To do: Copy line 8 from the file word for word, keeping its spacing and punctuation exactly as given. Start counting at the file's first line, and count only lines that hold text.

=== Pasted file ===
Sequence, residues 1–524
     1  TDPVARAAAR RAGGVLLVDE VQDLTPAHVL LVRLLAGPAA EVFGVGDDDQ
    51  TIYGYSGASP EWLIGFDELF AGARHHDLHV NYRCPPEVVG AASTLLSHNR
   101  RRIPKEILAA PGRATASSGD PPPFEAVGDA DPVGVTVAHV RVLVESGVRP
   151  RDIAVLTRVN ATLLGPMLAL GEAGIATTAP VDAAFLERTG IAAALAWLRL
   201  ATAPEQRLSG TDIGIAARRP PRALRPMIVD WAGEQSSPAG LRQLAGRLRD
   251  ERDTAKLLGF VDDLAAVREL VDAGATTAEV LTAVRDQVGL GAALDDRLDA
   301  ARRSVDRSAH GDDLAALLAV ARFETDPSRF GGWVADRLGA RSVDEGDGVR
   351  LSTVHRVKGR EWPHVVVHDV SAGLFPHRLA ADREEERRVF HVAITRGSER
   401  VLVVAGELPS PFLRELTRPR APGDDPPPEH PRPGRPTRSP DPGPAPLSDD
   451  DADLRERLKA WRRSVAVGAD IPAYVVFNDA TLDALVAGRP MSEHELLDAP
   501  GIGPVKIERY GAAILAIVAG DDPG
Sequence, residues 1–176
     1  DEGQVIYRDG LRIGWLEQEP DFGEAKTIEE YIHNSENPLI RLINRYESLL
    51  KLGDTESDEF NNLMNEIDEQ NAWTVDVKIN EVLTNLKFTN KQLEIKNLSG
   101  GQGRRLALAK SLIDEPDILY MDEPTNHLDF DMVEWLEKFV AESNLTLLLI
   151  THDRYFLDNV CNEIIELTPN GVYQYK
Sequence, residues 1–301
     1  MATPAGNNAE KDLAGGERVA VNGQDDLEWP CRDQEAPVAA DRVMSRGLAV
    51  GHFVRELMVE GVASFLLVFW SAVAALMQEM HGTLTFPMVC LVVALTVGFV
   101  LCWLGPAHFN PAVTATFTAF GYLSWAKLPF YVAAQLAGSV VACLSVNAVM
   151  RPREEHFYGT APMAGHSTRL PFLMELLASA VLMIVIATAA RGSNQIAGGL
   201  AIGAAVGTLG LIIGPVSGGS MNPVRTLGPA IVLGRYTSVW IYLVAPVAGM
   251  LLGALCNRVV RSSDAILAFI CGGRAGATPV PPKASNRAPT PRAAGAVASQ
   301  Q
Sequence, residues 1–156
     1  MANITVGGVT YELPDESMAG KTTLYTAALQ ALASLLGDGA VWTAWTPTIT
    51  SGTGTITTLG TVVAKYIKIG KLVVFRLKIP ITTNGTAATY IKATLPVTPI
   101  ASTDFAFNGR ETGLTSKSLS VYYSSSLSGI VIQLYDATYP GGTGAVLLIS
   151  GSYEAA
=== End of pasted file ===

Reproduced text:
   301  ARRSVDRSAH GDDLAALLAV ARFETDPSRF GGWVADRLGA RSVDEGDGVR